The U.S. State Department’s warning about Russia’s undue influence aimed at “subverting democratic processes” around the world seems to have all the hallmarks of a coordinated operation that had the desired outcome by making headlines all over the world media, starting with the outlets of reference, the New York Times and the Washington Post. But the claims contained in the “confidential and not intended for foreign audiences” cable sent by Secretary of State Blinken to “provide talking points” to all major U.S. embassies, which was leaked to the press and discussed at a briefing in Washington, are distinguished not so much by any explosive revelations as by the absence of specific details.
The document mentions “$300 million” allegedly spent “to shape foreign political environments in Moscow’s favor,” and denounces payments “in cash, cryptocurrency, electronic funds transfers and lavish gifts” to political parties and figures in Central America, Asia, the Middle East and North Africa, as well as “think tanks and foundations that are especially active across Europe.”
Strikingly absent are concrete examples or specific instances, replaced by generalities such as, “Some of Russia’s covert political financing methods are especially prevalent in certain parts of the world.” The vagueness of the accusations is in notable contrast to the previous, far more incisive reports on dezinformatsiya operations specifically aimed at influencing foreign elections, including the 2016 U.S. presidential election. In particular, Special Prosecutor Mueller’s 2019 report documenting Operation Laktha, also known as Russiagate, to destabilize Hilary Clinton’s campaign and favor Donald Trump.
That investigation held 13 Russian nationals and three organizations primarily responsible for an operation that was allegedly directly authorized by Vladimir Putin. While noting numerous contacts between the Russians and the Trump campaign, the report found insufficient evidence of direct collusion. Other investigations by the FBI and at least two parliamentary committees of inquiry have revealed the activities of Agentstvo internet-issledovaniy (Glavset), the St. Petersburg-based agency responsible for numerous instances of disinformation dumps via the internet and social media to generate discord and confusion through fake accounts in the U.S. and the U.K. prior to the Brexit vote.
In light of all this, allegations of Russian support for far-right groups at this point amount to the discovery that the sky is blue, and the fact that Putin allegedly spent huge sums in an attempt to “manipulate democracies from within,” as reporters heard from a State Department spokesman, isn’t really news at all. Moreover, the claim that “Russia has used false contracts and shell companies in several European countries in recent years to give money to political parties” is a description that could also fit the alleged activities of U.S. intelligence.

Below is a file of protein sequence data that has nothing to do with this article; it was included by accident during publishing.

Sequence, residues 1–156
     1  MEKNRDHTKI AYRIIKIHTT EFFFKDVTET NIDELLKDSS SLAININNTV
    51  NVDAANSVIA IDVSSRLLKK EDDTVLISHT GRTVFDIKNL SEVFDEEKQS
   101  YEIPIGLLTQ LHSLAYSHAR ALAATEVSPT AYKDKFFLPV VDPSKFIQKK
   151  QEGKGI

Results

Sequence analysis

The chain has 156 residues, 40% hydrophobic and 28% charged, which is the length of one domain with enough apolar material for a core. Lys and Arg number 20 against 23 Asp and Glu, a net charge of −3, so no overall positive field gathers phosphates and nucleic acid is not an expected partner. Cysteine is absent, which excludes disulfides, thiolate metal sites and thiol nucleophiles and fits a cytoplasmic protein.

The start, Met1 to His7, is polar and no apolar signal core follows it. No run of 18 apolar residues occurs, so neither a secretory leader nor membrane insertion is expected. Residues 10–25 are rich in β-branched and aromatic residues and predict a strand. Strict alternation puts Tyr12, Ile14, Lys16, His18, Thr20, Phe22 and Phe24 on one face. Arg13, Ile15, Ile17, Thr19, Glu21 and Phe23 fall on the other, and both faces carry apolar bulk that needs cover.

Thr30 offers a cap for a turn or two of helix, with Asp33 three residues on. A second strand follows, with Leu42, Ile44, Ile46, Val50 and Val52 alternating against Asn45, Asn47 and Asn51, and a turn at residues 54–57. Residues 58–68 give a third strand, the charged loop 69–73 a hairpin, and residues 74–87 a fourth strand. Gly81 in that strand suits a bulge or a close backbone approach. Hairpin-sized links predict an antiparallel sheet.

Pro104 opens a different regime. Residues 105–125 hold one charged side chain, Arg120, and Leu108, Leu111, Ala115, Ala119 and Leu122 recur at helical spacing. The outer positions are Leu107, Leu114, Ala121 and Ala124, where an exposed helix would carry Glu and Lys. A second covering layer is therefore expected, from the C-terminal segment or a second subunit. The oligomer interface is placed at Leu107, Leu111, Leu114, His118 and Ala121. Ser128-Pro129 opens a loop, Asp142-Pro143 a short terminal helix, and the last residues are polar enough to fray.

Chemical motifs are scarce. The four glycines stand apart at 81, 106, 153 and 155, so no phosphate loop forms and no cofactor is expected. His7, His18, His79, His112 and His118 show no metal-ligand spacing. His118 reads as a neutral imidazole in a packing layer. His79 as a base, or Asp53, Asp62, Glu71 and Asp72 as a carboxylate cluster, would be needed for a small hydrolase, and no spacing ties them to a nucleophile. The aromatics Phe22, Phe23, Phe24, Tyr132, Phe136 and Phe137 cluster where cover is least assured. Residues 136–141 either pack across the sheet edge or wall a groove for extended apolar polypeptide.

On the topic of the influence by major powers on third-country elections, a Carnegie Mellon University study found that “from 1946 to 2000, the U.S. and USSR/Russia intervened in about one in nine national elections” across the geopolitical stage. And the largest number of influence attempts were concentrated on one country: Italy (8 U.S. and 4 Russian “interventions”). It is the only country in Europe (a “unique exception,” the study calls it) to have experienced both American and Russian interference.
This historical fact legitimately raises questions about the timing and circumstances of the official State Department leak, which seems to fit into the Biden strategy of intelligence “declassification,” already used before the Russian invasion of Ukraine to strengthen the Atlantic alliance. It’s hard not to notice that the latest “revelations” (which end with a call for a united front against Russian destabilization) have taken place on the eve of crucial elections in the same country, Italy, which holds the record for the most attempts at interference: the European ally considered among those most at risk of “defection,” and the one in which the expected new governing coalition will include the party with the closest and most public ties to Moscow and Putin’s party.
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